“Blessed is God and the Father of our Lord Jesus Christ; blessing us with every spiritual heavenly blessing in Christ, just as he elected us in Him before the foundation of the cosmos to be holy and blameless before Him in love.”
It is worthwhile to dwell on this notion that God has elected his people for a purpose. And that purpose is that we be “holy and blameless before Him in love.” In Christian circles, the word “holiness” is one that is used heavily but often misunderstood. People usually think that a “holy” person is a person who is exceptionally godly and spiritual. And while that ought to be the case, such is not what the word actually means.
Holiness refers to be set apart for God’s use and for his purposes. For instance, the clothing that Aaron and his sons would wear in their official capacity was set apart as holy (Exodus 28:2). These garments were for Aaron’s work in the temple. They were not to be worn casually or in his daily routine as it were, but he was to use them for God’s work and for God’s purposes. The same thing can be said of the other items in the Tabernacle and around the altar. They were set apart for God’s use alone and not for common usage.
Yet, not only were the things of the Tabernacle and then the Temple set apart as holy, so too was Aaron (Exodus 28:36-38) and further, the people of God were also referred to as “Holy to the Lord” (Deuteronomy 7:6). And, if one would be tempted to suggest that this is only an Old Testament statement, the Apostle Peter cites the language from Leviticus 11:44 about the people of God being “holy as God is holy” and applies that to Christians (1 Peter 1:14-16). That means, as Christians, we have been set apart as holy to God — chosen by God and set apart for his purposes. The world may seek worldly pleasures but that does not belong to our being — we are called to pursue the blessedness of God (as Paul already mentioned) which is far greater than anything this earth can afford us.
How often Christians get their minds and priorities turned upside down. How often they forsake their calling to be holy and how often we slip into sinful ways and practices instead of pursuing the blessedness of God. And, how often the “godliness” that we often associate with holiness is seen as something for someone else to strive toward and not for us. Every word, every action, every thought that fills your life and your days is something that should be seen as being used for the glory of God.
This does not mean that every Christian is called to be a pastor, a missionary, or a street evangelist. What it does mean is that every Christian is called upon to point others toward Christ in their daily activities. This does mean that every Christian is called to live their lives deliberately that we may seek to please God in all we do, that we may seek opportunities to point others to faith and repentance in all we do, and that we are to seek to live and act in such a way that the name of Christ is not besmirched by our actions.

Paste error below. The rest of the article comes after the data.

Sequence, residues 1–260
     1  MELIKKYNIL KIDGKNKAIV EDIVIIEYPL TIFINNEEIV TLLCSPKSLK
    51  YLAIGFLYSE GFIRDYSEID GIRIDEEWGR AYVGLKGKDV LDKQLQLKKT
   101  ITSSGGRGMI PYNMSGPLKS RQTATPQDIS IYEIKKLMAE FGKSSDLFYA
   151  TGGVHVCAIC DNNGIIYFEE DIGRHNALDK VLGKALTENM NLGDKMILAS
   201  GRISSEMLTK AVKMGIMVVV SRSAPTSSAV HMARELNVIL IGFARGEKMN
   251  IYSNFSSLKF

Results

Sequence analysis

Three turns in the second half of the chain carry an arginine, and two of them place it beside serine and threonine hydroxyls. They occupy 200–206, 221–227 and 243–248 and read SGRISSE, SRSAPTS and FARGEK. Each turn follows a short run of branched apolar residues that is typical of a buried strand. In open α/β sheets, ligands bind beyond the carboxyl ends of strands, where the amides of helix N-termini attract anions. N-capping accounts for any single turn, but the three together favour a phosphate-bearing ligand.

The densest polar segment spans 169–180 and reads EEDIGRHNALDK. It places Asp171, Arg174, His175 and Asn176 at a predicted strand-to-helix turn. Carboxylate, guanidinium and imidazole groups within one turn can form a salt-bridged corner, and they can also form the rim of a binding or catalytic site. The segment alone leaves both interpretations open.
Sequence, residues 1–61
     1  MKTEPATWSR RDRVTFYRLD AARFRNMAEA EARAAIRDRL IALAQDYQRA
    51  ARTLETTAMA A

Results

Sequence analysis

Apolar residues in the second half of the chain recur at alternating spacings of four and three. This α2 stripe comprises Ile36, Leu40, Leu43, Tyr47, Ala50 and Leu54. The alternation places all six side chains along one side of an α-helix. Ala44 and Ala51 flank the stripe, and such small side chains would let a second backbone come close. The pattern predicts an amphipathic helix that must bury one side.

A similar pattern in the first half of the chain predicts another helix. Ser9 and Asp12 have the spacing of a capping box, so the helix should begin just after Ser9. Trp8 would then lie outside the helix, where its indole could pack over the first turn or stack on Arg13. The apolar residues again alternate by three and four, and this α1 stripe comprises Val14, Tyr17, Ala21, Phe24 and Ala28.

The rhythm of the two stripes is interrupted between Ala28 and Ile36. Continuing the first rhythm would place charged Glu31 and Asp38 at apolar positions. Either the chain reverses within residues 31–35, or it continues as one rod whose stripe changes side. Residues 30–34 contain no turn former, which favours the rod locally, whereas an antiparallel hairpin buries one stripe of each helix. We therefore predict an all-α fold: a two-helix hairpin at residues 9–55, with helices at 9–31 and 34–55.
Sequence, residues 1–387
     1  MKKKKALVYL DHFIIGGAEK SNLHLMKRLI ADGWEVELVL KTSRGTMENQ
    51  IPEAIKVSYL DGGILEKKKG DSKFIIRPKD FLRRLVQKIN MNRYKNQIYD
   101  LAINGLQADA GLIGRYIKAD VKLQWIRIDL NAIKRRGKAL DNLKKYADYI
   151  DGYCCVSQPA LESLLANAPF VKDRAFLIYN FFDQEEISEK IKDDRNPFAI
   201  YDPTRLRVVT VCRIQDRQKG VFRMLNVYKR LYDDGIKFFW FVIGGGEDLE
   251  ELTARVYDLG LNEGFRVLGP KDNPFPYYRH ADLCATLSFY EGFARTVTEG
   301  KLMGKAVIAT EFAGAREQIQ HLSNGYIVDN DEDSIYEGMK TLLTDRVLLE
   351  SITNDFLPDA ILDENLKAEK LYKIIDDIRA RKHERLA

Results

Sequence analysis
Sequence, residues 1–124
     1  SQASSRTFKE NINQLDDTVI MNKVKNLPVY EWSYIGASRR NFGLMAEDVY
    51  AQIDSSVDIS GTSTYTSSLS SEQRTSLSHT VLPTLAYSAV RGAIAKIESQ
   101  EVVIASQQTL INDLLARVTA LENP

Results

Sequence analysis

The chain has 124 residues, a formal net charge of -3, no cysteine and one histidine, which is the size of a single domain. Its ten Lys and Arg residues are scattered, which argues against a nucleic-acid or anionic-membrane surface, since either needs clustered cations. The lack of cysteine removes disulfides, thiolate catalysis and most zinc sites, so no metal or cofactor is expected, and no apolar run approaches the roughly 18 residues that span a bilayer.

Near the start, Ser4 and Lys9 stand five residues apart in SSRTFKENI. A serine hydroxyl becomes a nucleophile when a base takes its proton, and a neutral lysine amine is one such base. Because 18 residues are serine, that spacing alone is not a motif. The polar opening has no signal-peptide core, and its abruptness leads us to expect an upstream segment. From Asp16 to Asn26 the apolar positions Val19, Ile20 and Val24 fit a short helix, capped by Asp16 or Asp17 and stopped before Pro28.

How remarkably sad it is when Christians compromise their holiness for worldly things. How remarkably sad it is that many Christians are willing to strive for excellence in worldly things yet compromise eternal things. As Americans, we often celebrate those Christians who are professional athletes in our midst. Yet, how many of them break the Sabbath because it happens to be “game day.” And no, there is no amount of argument that you can give that will convince me that watching or playing football on Sundays is “doxological” in nature. We are called to set apart the day as holy, not the hour. And holy is God’s use alone.
The Christian doctrine of holiness is not a convenient one nor is it an easy one in our day and age. Yet, it is meant to further set Christians apart to a different kind of lifestyle than is the world. Yes, the world may pursue earthly pleasures. Yes, the world might treat the Lord’s Day as the second day of the weekend — a chance to get things done, go shopping, and be busy with things of personal interest. True, it may be relaxing to go to eat on a Sunday, but you are breaking the Sabbath by employing others to provide for your leisure. These are things that Christians rarely ever contemplate.
God did not elect a people so that people could spend their time however they wanted and then enjoy eternity. May that never be said. God elected a people to be set apart for his use and to find our pleasure in His blessedness, not in worldly things. That does not make us ascetics, but it does mean that we distinguish between worldly and divine and that even when we might enjoy a worldly pleasure, like a good meal or good fellowship, we recognize it as a good gift from God. If you are a Christian, you have been called to holiness; pursue it without reservation, it is what you have been set apart to do.